Microsoft screams value. Its fiscal 2012 price-to-earnings ratio is 9.5x and its enterprise value to EBITDA multiple is 5.8x. Further, it is projected to generate $3.50 of cash flow per share for a cash flow yield of 13%. Add on the now 3% dividend yield and the company is cheap, plain and simple. Wall Street analysts are projecting fiscal 2012 EPS of $2.855 growing 10% to $3.134 in fiscal 2013.
Between the addition of Skype, the continuing Windows 7 conversion, the positive developer response to Windows 8 and its potential to be a credible competitor in the tablet operating system space, Office 365, the potential of the Nokia smart phone relationship, and the incredibly inexpensive financial metrics, Microsoft could be poised for a step function up in stock price.
Disclosure: I am long MSFT.
via Microsoft: The Dividend Increase To $0.20 Per Quarter Portends A Material Increase In The Stock Price – Seeking Alpha.
One of the recurring themes on Zero Hedge in the past several months has been the continued mockery of the seemingly global conventional idiocy that China can bail out the world, when it itself is on the verge of a huge credit bubble popping and requiring the rescue of China itself by the rest of the global pyramid scheme (which however will be far too busy monetizing its own debt by then). Why, we vividly recall this quote from July 4, “So let’s get this straight: a country which has 10% of its GDP in the form of bad debt, is somehow expected to be credible enough to buy not only Greek debt, but the EURUSD each and every day? Mmmmk. In the meantime, Dagong downgrades the US to junk status in 5, 4, 3…” Well, Dagong did since downgrade the US (as did S&P), although not to junk just yet, and somehow the world still continues to labor under the illusion that China (whose shadow banking system we also covered most recently here), is somehow healthy because it is far better than Europe (and the US) in hiding the true severity of its problems. Naturally, as long as that persists, the global ponzi will always have the benefit of pulling out a “white knight” whenever needed, regardless of just how ludicrous such an presumption has become. Today, famous China bear Jim Chanos appeared on Bloomberg TV and recapped his thesis which summarizes the bulk of these points, further extrapolating based on the Andy Lees analysis posted yesterdaywhich estimates what a true economic growth rate is when one factors for bad debt and loss severities. His conclusion: “If we assume that China will grow total credit this year between 30% to 40% of GDP, and half of that debt will go bad, that is 15% to 20%. Say the recoveries on that are 50%. That means that China, on an after write off basis, may not be growing at all. It may be having to simply write off some of this stuff in the future so its 9% growth may be zero.” And this stagnant, overlevered behemoth is somehow supposed to be… the world’s white knight?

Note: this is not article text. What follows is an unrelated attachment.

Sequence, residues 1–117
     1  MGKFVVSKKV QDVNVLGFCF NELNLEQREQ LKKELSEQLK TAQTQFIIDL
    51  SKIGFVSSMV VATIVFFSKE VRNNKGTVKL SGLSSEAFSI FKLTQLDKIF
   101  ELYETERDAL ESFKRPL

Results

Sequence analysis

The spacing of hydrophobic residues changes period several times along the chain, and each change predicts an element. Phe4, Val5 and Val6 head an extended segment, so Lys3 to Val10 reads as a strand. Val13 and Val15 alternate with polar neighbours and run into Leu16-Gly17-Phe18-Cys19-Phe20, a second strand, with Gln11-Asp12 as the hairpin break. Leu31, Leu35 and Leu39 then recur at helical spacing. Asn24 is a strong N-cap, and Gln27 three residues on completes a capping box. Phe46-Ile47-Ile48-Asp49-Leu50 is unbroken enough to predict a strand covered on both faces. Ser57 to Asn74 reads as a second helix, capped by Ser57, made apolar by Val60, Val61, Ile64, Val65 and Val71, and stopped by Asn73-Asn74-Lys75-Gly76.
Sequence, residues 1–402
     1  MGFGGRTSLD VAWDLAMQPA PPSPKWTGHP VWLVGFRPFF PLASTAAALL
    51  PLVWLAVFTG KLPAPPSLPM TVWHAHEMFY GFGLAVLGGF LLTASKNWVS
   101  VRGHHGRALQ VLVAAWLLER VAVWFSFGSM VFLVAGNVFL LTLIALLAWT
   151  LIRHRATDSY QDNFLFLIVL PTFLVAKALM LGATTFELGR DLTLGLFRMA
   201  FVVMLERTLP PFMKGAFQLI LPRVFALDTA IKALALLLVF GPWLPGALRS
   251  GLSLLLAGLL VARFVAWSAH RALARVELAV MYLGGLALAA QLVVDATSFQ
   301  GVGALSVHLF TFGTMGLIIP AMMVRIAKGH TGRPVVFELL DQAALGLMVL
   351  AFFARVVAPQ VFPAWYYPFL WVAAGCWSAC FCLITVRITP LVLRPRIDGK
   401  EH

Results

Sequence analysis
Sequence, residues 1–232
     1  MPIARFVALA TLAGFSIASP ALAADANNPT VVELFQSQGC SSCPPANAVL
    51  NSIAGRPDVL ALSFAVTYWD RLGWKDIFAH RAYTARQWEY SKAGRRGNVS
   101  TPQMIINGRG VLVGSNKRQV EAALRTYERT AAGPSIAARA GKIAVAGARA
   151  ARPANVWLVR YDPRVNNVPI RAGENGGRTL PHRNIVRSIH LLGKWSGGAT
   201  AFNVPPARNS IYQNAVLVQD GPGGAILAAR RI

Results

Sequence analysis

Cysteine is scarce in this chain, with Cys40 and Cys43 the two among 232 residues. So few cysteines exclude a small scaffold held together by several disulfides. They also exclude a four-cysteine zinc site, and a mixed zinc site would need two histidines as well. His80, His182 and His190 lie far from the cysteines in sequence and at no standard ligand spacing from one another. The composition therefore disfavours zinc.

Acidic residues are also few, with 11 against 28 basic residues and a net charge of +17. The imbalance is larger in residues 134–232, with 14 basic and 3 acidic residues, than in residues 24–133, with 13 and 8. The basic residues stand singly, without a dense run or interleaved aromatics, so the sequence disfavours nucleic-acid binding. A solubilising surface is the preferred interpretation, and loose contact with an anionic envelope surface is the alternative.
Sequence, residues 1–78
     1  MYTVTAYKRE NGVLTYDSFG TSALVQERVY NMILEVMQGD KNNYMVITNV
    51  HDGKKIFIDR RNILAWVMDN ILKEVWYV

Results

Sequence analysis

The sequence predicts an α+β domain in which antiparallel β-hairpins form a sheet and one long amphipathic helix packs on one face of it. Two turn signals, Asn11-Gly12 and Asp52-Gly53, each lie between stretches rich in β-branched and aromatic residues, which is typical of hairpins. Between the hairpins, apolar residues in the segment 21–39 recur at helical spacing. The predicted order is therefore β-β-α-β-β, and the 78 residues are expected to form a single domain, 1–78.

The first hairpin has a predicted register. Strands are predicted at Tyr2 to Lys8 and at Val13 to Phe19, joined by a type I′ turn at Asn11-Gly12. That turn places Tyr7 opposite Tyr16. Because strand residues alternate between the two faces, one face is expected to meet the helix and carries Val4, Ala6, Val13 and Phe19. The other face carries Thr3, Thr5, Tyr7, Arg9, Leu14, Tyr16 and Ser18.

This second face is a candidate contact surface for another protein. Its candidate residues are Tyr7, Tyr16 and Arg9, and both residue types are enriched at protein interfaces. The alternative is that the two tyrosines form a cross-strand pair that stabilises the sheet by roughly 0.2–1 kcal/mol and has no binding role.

via Jim Chanos Debunks The Myth Of China As The World’s “White Knight” | ZeroHedge.